these are Terms in the ingredients of dog foodthat are particularly confusing. The following list was formulated based on recommended values ​​for dry food and is intended as a guide:

  • Raw ash: The importance of the raw ash content is often underestimated, but it is crucial for the health of dogs, among other things. If the ash content in a feed is too high, the kidneys suffer not insignificantly. Crude ash consists mainly of minerals and vitamins. In particular, the mineral content is related to the raw ash. If the phosphorus and calcium content is too high due to the high ash content, this has a direct impact on kidney function. Urinary stone formation is also promoted. The dog food should not contain more than six percent crude ash.
  • Crude protein: The proportion of crude protein plays an important role in dog food. In the case of dry food, the proportion should be around 22 percent, but in any case less than 30 percent. But this does not apply to all animals. For example, if the dog is overweight or pregnant, a higher proportion of crude protein is required.
  • Raw fat: Similar to proteins, the appropriate amount of crude fat varies depending on your health, age and activity level. A very active animal that is active in dog sports needs a significantly higher percentage of fat than an older animal that only moves a little or a moderately active family dog. In the case of dry food, the fat content can start at 5 percent and should not exceed 25 percent.
  • Crude fiber: The crude fiber content of dry feed is ideally between 1.5 and 5 percent. It is different here than with fat. High-performance animals tend to need less crude fiber. Senior dogs or animals with a few kilos too much should get more crude fiber.

Additives in dog food - good or bad?

Is a Dog food free from additives, it doesn't necessarily have to be beneficial, even if many consumers believe it. Finally, additives can also have positive effects and increase the proportion of trace elements, vitamins and minerals to the necessary level. Many products would not even achieve the required ingredients without additives.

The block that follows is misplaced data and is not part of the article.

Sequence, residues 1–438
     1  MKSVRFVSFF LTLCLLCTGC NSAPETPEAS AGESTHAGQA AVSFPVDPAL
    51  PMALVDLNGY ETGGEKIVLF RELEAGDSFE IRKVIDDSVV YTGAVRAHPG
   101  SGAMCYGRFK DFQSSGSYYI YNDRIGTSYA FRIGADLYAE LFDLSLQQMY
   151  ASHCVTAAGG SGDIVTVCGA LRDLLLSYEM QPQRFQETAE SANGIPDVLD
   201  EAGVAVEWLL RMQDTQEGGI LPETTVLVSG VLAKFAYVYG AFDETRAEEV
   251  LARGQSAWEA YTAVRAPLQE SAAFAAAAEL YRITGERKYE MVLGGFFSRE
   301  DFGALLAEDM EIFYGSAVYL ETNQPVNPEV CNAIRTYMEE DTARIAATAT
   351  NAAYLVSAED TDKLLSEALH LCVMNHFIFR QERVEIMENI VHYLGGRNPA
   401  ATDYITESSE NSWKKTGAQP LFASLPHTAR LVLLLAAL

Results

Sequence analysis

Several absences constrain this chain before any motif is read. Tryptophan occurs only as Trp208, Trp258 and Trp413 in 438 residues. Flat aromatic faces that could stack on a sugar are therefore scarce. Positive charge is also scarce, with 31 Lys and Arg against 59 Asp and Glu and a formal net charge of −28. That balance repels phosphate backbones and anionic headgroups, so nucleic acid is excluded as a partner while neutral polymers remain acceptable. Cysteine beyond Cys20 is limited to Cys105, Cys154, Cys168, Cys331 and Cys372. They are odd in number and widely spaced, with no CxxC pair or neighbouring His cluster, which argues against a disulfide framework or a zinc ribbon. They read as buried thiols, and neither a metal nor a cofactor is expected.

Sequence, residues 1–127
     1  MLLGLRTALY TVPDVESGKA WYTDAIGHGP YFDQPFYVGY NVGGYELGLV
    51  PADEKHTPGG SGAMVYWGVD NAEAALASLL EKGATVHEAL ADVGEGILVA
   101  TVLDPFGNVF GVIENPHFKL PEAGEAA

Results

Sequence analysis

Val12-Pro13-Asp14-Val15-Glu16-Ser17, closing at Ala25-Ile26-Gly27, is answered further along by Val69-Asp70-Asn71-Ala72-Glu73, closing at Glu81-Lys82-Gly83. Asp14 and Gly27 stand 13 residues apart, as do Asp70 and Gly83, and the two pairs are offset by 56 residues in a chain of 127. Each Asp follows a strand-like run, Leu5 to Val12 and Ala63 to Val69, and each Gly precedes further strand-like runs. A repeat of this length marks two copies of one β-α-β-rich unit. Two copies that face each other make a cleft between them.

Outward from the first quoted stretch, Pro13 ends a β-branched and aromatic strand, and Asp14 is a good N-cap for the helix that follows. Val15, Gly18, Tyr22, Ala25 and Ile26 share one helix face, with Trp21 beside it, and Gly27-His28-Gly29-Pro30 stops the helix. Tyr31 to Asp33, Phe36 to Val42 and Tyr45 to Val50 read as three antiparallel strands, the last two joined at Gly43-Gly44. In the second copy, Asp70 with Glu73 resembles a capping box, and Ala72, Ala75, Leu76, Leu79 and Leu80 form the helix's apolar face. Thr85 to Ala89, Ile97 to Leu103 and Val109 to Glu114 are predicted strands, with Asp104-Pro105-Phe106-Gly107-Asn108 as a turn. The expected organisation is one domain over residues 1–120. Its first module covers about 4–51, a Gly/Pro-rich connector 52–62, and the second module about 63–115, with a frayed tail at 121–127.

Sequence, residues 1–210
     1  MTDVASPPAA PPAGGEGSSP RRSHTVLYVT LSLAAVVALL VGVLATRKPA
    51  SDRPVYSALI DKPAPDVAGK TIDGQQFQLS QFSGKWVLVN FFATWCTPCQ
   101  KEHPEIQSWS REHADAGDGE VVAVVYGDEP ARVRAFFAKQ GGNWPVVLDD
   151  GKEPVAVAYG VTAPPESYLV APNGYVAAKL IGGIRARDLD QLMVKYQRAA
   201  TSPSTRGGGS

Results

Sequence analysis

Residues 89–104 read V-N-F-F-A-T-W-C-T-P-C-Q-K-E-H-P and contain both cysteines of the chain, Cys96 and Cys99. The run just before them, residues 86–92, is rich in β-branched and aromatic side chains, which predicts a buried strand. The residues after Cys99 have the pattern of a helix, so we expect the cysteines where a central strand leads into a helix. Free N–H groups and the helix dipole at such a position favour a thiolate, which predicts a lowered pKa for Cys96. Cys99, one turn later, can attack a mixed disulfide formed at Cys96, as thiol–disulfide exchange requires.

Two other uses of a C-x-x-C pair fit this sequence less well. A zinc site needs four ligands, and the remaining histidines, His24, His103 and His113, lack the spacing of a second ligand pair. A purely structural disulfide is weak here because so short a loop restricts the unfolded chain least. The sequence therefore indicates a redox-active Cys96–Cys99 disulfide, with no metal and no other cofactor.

In the case of dog food without additives, dog owners must pay close attention to the ingredients and, if in doubt, check with the manufacturer.What else should you pay attention to when it comes to the ingredients?

Omega-3 and Omega-6 fatty acids Not to be missed: while omega-3 fatty acids provide the indispensable alpha-linolenic acid, omega-6 fatty acids ensure the supply of linoleic acid. Both of these acids are critical to dog health. They are essential and therefore have to be supplied through the diet because the animal organism cannot produce them on its own. Recommended oils for dogs are:

  • linseed oil
  • Black seed oil
  • Sunflower oil
  • Safflower oil
  • Fish oil (correct dosage is a must!)

carbohydrates are also good for maintaining health and, up to a certain amount, are easy to digest. For a proper supply of dietary fiber, i.e. fiber, feed manufacturers like to use beet pulp or cellulose. Fibers have a positive influence on intestinal function and intestinal flora.

That doesn't belong in dog food: sugar

Finally, sugar should be mentioned. This is an ingredient that has no place in a species-appropriate dog food. It damages the teeth and promotes tooth and gum diseases. It is also important to avoid sugar when it comes to treats.

More information about proper nutrition, including advice on feeding time and puppy feeding, can be found in our dog nutrition guide. Check out tips & discussions at forum.hundund.de/hunde-ernaehrung/ in the dog forum!